In the 1^{st} person the entangled system chose from four different subjective preferences, say ice cream, pretzels, brussels sprouts, or spinach. Some choices may be more likely than others with the electron’s subjective preference for each equal to the quantum probability of that outcome. A rudimentary memory persists of its choices. If subjected to the same choices again, the answer will be the same. And, the system’s identity as *one thing* persists beyond making a choice – it *lives* to choose again! J

*Figure 11: Chain of three entangled electrons represented as
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*are fired through the Stern-Gerlach apparatus. (3*

^{rd}person description): The 3-electron-system going into the apparatus may be in a superposition of eight states simultaneously. The magnetic field will deflect the electrons where they will be detected (measured) at one of four locations, labeled A, B, C, or D, depending on the spin state. The probability the electron-system is in each state is given by a coefficient , where sum*= 1. States with greater net spins are deflected more severely. If deflected to locations C or B, the electrons still persist in a superposition, albeit a reduced one. In any case the system remains entangled. (1*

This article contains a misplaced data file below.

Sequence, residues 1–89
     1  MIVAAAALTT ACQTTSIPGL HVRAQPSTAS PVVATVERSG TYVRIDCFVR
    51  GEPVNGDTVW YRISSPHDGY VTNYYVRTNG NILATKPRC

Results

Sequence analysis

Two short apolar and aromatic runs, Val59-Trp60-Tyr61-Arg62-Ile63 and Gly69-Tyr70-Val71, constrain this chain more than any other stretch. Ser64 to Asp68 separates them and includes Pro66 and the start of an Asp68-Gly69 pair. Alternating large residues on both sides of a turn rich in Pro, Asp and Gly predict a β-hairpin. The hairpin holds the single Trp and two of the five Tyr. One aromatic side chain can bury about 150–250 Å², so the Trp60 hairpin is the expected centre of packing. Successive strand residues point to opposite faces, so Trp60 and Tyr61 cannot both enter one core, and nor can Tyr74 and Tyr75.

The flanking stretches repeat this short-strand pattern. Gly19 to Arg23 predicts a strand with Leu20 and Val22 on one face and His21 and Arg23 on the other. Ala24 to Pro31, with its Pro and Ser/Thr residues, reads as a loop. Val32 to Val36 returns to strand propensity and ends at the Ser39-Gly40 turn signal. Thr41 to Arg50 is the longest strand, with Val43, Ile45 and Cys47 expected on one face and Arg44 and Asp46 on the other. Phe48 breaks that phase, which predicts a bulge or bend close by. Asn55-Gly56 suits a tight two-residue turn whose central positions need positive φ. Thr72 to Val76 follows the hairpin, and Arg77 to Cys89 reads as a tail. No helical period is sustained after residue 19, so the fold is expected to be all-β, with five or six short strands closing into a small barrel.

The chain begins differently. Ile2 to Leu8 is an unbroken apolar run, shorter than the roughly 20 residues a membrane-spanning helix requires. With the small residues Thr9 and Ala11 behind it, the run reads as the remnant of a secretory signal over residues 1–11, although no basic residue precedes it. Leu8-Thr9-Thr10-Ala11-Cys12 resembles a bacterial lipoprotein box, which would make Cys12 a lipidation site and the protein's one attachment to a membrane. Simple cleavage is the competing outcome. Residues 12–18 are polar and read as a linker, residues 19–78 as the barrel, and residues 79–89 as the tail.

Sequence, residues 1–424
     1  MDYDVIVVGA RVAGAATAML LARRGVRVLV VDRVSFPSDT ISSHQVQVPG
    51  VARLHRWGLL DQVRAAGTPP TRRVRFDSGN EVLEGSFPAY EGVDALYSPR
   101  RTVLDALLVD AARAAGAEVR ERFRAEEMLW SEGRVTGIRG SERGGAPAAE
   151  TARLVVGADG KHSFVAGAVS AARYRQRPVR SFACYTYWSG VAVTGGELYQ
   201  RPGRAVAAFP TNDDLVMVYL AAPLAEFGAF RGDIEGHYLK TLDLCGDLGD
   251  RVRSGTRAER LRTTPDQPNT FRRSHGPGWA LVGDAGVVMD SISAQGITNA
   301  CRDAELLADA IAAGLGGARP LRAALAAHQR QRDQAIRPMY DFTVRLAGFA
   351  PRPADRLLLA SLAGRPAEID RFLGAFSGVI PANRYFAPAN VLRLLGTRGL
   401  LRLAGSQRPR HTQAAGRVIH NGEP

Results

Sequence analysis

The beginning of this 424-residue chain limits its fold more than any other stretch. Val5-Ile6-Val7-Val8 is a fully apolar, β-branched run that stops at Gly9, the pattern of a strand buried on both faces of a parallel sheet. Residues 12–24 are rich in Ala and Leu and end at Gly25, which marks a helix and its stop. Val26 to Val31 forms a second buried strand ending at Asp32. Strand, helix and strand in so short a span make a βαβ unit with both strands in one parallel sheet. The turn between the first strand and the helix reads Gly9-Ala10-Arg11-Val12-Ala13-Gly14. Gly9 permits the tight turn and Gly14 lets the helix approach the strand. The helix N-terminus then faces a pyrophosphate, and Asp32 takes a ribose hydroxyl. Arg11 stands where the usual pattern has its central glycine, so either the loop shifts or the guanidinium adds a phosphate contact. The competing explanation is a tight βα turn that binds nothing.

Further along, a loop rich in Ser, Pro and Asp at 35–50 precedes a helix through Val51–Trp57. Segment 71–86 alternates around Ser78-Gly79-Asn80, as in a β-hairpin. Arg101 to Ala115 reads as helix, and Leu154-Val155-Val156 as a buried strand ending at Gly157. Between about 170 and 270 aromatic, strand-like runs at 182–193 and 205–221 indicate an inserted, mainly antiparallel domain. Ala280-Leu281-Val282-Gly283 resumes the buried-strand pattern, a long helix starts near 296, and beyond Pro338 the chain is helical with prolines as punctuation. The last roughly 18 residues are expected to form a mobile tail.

^{st}person description): The 3-electron-system must make a choice upon traveling through the apparatus. The appeal of each choice is equivalent to the quantum probability of finding the system in that state. The electron system after its choice retains a memory of that choice and its identity as “one thing” persists.

As the number of entangled electrons grows larger, say to 100, or 1000, suddenly our system takes on the appearance of a powerful quantum computer – it could be in or different states simultaneously. The system of electrons still does not get to decide when to make a choice – we continue to force choice upon it by firing it through the apparatus, but the number of choices available to it, and the vastness of the superposition that can survive a choice increases substantially. For example, say a system of 100 electrons was found to have total spin of +1/2 up. There are ~ ways that 100 electrons, each having spin +1/2 or -1/2 can sum to a net spin of +1/2, so the system could still be in a superposition of this many states even after measurement. Also, the system could potentially choose from an array of 200 different possibilities (there are 200 different possible total spins). The degree of freedom of choice has increased substantially, although nothing resembling our free will yet, and a complex memory reflecting the results of those choices has emerged.